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Nato answers Libya questions

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					In recent days, Nato has intensified its attacks on targets in the Libya
capital, Tripoli. Some believe Nato is overstepping the terms of its
mandate - which is to protect civilians in Libya - and is intervening
directly in the conflict on the side of the opposition forces. The BBC's
Matthew Price questions a Nato spokesman about those claims.

Are there still sites of strategic value in Tripoli?

All Nato strikes are carried out against legitimate military targets, in
full compliance with the relevant United Nations Security Council
resolutions 1973 and 1970 and with great care to avoid unnecessary
casualties to innocent civilians.

We are unable to discuss the strategic advantages for striking targets
and their locations.

Does Nato carry out air strikes in order not just to directly protect
civilians, but also to demoralise Gaddafi forces and thus to protect
civilians?

All the targets that we select are clearly identified as having a direct
link with attacks on civilians. Nato's mission is to protect civilians
and implement UN Security Council Resolution 1973 and we choose our
targets with that goal in mind.

So all Nato strikes are carried out against legitimate military targets,
in full compliance with the relevant UNSC resolutions and with great care
to avoid unnecessary casualties to innocent civilians.

The Nato mandate is to protect civilians. Have there been instances where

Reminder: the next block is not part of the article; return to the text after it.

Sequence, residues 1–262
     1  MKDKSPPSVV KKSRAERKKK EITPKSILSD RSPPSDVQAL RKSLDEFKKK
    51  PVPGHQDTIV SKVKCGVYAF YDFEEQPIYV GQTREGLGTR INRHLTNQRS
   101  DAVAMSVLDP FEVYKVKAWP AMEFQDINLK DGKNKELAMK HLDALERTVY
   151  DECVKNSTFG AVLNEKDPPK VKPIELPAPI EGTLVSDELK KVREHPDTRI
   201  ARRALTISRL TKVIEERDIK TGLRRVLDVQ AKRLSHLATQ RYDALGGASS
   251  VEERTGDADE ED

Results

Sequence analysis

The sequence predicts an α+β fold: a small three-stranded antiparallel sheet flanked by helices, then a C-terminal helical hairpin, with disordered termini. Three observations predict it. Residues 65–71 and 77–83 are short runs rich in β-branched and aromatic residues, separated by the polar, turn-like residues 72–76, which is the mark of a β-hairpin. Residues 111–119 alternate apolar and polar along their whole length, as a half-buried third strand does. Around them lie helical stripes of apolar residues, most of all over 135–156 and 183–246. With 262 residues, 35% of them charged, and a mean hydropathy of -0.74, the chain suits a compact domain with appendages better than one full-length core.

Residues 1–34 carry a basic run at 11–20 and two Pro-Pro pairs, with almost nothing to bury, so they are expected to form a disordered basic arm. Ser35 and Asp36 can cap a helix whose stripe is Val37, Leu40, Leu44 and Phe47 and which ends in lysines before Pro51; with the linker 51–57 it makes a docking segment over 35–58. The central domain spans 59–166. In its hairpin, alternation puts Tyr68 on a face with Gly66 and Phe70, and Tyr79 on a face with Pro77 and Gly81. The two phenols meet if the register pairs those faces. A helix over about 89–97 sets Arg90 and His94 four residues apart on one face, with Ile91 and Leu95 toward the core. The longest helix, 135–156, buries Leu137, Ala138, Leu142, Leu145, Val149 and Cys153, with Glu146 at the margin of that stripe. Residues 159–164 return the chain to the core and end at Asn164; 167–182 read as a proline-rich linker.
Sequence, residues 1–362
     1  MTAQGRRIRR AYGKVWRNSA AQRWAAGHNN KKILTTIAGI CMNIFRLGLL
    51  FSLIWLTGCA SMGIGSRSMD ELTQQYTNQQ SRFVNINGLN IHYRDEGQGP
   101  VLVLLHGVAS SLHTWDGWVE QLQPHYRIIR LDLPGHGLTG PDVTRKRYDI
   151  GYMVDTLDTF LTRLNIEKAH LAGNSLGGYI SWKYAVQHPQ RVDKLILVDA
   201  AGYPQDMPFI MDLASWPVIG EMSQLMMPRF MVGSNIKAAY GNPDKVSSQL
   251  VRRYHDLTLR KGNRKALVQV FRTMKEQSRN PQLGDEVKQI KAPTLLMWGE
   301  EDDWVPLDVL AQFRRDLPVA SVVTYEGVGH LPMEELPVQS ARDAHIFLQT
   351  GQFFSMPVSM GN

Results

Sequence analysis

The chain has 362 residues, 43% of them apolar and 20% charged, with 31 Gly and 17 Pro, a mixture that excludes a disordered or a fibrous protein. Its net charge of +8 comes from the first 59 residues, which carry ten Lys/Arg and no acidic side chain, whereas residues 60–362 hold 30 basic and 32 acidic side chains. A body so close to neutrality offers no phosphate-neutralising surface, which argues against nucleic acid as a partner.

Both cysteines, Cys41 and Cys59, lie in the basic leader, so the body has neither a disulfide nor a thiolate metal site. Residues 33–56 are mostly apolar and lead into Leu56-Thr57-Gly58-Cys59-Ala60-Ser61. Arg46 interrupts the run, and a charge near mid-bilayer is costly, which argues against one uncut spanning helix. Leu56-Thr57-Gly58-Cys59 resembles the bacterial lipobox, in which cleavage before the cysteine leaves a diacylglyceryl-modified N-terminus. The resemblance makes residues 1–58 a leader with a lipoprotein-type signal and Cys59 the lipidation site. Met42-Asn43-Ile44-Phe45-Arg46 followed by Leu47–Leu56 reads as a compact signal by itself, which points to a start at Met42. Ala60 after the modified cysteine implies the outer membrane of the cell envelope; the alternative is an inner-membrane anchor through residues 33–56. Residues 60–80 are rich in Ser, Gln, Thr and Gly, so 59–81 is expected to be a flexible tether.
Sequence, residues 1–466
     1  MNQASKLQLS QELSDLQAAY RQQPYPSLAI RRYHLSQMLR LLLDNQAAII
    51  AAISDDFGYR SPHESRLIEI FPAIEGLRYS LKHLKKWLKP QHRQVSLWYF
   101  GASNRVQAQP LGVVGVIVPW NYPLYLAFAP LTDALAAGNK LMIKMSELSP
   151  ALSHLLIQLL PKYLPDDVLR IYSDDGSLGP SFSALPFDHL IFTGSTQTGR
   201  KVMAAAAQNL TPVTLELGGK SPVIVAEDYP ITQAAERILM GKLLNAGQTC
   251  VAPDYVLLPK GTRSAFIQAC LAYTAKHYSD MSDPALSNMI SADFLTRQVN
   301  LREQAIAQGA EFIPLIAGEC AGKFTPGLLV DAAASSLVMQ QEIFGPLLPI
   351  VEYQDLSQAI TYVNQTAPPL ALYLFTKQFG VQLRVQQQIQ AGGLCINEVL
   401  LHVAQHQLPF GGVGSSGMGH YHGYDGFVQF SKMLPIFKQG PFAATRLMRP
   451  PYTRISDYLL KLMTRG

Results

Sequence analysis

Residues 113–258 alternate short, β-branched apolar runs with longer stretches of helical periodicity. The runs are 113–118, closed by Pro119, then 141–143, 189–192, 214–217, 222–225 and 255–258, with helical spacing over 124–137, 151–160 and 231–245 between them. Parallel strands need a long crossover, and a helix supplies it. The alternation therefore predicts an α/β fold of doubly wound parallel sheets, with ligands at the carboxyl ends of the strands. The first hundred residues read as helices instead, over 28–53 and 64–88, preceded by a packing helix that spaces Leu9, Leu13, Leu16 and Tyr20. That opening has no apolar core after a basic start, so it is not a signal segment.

rebel forces have put civilian lives at risk, and where Nato had to
intervene?

Our mission is to protect civilians in Libya, as the United Nations
Security Council mandates.

So far, the opposition forces have shown every indication that they are
committed to the protection of civilians and respect for human rights.

We expect this commitment to continue.

Since the start of the operation, Nato has not targeted the military
forces of the opposition.

In such a scenario, would Nato intervene?

We do not comment on hypothetical scenarios, nor on operational and
planning issues.

Does Nato believe its strikes against pro-Gaddafi forces have helped the
rebel advance?

Nato's mission is to prevent attacks and threats against civilians.
Some strikes against pro-Gaddafi forces which were threatening civilians
have also made it easier for opposition forces to advance on the ground.
But Nato is not the opposition's air force.

We are tracking the fighting between pro- and anti-Gaddafi forces but we
are not involved in the ground battle.

Our targets are those forces and installations which present a threat to
the civilian population. We are on the side of the Libyan people.

Does Nato have advisers working on the ground with the rebels helping
them with their tactics and strategy?

Nato has no troops on the ground in Libya.

Are there non-Nato advisers on the ground working with the rebels who are
able if needed to feed information to Nato?

Nato has no direct contact with the military forces of the opposition.

Several Allies have representatives in Libya and, together with other
sources, provide us with a real picture to enable us to protect the
civilians in an effective and safe manner.